You’ve heard about the nausea, and the swelling of the feet, and the food aversions, and the fatigue… But has anyone told you about what you can gain during pregnancy apart from the pounds? M&B tells you that there’s enough reason to be overjoyed
Words: Reshma Kulkami
When Rebecca Bloomwood, the protagonist of Shopaholic & Baby, talked about how her husband has got ‘suddenly keen on her cleavage’ after she got pregnant, she was listing just one of the many ‘pregnancy wows’ that women can look forward to. Yes, you read that right. Impending motherhood doesn’t just come with its woes (be it cellulite or increased weight), but also brings along a bevy of positives. Read on for more.
Pregnancy means no periods till you continue breastfeeding. This translates into freedom from PMS, dysmenorrhoea and cramps for that much time. Childbirth eliminates some of the proprostaglandin receptor sites on the uterus which cause the contractions of the uterus during menstruation and labour. This translates into reduced cramps. Fewer periods also reduce the exposure to oestrogen and progesterone, thus cutting down the risk of breast and ovarian cancer. High levels of oestrogen in a pregnant body accord protection from heart problems due to its vasculo-protective action. Further, breastfeeding raises levels of the hormone oxytocin, and lowers the risk of heart ailments, diabetes and hypertension. However, breastfeeding reduces the heightened levels of oestrogen, thus lowering the risk of oestrogen-fuelled cancers of the breast, cervix and endometrium. Having a baby cuts the risk of developing autoimmune disorders like multiple sclerosis, RA, Crohn’s Disease and ulcerative colitis. During pregnancy a women’s immune system adjusts to avoid attacking the baby and this lowers the immune activity and infl ammation that causes nerve damage.
A wonderful by-product of getting pregnant is the surge in your libido. You can have sex without worrying about contraception. Your body starts looking more feminine, thanks to the soft curves. Breasts may become fuller, resulting in a tempting décolletage. During pregnancy, especially during the second trimester, increased blood flow to the pelvic region makes sex more sensitive and pleasurable. Testosterone and oestrogen produced by the foetus, along with progesterone, boosts sexual drive and gives you a greater likelihood of reaching an orgasm. The oestrogenic upsurge lends a rosy glow to the skin and accords a lustrous mane. Moreover, even though your weight might increase, you and your partner will tend to become more accepting of these physical changes, thus enhancing the psychological factor of lovemaking to a large degree.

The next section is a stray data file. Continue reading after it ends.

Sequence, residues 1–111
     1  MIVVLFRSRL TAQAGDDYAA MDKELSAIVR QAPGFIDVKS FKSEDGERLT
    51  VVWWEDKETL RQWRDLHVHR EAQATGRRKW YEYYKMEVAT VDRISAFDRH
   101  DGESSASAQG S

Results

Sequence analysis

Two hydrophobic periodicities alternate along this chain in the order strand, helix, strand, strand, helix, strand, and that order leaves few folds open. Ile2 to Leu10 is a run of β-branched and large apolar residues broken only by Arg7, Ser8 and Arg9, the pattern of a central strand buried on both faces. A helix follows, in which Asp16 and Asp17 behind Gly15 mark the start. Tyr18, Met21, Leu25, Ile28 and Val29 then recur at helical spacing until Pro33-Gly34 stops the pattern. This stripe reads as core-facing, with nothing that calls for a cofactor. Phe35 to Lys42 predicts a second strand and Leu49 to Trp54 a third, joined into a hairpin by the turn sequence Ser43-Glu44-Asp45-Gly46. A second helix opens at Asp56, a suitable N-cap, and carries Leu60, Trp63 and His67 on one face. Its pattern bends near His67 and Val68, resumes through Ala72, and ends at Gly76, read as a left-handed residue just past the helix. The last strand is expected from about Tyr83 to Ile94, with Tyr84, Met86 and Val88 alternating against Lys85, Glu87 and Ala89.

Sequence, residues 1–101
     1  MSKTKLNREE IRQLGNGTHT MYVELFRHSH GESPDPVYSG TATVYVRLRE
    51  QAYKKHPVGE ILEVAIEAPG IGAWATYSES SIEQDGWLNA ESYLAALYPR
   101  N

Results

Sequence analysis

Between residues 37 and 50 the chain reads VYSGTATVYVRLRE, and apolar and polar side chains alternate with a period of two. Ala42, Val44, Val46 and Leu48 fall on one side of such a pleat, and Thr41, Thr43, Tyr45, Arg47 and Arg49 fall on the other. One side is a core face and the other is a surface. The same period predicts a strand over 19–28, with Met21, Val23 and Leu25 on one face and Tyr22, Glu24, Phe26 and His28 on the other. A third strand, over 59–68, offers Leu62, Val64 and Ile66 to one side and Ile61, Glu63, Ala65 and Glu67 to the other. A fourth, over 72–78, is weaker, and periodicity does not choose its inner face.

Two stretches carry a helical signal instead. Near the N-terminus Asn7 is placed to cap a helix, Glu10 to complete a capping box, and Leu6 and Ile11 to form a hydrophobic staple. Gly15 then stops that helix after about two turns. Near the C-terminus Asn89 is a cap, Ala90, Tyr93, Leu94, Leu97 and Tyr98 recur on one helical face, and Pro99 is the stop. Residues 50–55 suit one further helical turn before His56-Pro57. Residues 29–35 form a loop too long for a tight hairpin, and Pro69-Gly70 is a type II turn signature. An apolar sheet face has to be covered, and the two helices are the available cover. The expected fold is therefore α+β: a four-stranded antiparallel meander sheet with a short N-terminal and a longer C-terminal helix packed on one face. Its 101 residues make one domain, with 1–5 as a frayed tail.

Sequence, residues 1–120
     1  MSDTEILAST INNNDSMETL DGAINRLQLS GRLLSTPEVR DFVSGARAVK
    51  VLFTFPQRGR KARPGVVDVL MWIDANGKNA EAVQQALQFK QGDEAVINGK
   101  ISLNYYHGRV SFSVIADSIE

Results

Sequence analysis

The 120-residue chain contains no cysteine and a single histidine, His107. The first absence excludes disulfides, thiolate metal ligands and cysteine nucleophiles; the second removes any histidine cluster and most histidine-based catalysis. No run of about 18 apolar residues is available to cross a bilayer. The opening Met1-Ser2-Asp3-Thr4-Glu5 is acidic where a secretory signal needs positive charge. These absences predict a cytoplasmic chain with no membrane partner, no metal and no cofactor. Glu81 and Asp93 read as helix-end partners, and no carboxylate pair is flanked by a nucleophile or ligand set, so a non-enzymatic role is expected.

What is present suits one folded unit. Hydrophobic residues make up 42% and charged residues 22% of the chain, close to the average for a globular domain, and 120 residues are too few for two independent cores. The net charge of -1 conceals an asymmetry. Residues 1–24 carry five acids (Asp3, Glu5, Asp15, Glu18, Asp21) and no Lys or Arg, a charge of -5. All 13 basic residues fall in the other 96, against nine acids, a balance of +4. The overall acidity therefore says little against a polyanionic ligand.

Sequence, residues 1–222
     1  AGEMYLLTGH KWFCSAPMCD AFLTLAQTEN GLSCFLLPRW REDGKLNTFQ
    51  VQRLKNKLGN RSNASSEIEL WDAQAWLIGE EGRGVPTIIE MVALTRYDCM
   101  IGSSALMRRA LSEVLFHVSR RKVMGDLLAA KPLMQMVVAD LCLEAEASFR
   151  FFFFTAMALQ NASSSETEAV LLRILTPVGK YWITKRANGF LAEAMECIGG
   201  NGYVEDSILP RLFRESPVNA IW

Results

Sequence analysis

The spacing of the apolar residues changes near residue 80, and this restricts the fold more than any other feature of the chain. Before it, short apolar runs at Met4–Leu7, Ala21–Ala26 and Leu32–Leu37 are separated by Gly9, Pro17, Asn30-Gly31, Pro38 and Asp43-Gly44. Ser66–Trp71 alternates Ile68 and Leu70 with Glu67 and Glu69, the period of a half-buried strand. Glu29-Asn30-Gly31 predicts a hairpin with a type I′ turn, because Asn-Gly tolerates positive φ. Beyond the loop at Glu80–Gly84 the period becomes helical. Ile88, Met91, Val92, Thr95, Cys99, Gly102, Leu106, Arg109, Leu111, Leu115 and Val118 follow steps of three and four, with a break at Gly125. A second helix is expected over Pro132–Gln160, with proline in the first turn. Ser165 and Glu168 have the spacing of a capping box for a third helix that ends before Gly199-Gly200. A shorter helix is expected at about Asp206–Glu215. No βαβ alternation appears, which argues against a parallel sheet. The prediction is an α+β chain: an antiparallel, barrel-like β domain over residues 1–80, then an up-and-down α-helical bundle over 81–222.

Apart from physical benefi ts, pregnancy also brings about a bevy of psychological positive changes in a woman. To begin with, the woman starts adopting a healthy lifestyle for her baby; thus looking better than ever. This boosts her self-worth, which in turn helps her bond better with herself and her partner. Pregnancy brings about a positive attitude and makes you strong to cope with life changes without succumbing to negative thoughts and worries. A surge in progesterone acts as a tranquiliser to help reduce stress and promote calm sleep. After the first trimester, the increase in placental hormones creates a sense of well-being and whets the appetite. The accompanying rise in oestrogen makes you naturally sensitive to rejecting foods that her baby will reject. Pregnancy supercharges the prefrontal cortex of the brain, thus helping a woman become an even better multitasker. The release of oxytocin during delivery helps you become calmer and more focussed. M&B
CONTINUE THE FGF POST DELIVERY
• Keep up the healthy eating habits to retain good skin, hair and body
• Read and research to know how you can enhance your little one’s wellbeing. It helps you be engaged proactively towards the baby.
• Make time to go back to your hobbies and recreational interests. It helps lessen the stress of rearing a child.
• Take up post-natal fi tness programmes to shed the excess fl ab.
• Continue taking supplements of Iron, Calcium etc. with due advice from the doctor.
• Continue breathing exercises to keep postnatal depression at bay and have a healthier respiratory system.
• Most of all, enjoy the beautiful bond that the baby cements between you and your partner. The little life that you create together gives the best security to your relationship, as you both selfl essly strive to work towards a common goal.
Inputs from: Dr Kalpana Pathare, Ankur Maternity Home, Thane; Dr. Loveleena Nadir, Fortis La Femme; Dr Kamna Chhibber, Fortis Healthcare,; Kanchan Naikawadi, Indus Health Plus; Dr Nidhi Arora (PT), AktivOrtho; Dr Kiran Coelho, Hinduja Healthcare Surgical; Dr Anita K Mohan, Fortis Hospitals, Bengaluru; Dr Tanvi Tuteja, K.J Somaiya Medical College & Hospital; Dr Pradnya Parulekar, Bhatia Hospital, Mumbai; Dr Reenu Jain, Jaypee Hospital, Noida; Dr Anil Magdum, Sunrise Hospital, Mumbai; Dr K Shilpi Redddy, The Birthplace, Hyderabad; Dr Shivani Sachdev Gour, SCI Healthcare; Dr Neena Patwardhan, Cumballa Hill Hospital, Mumbai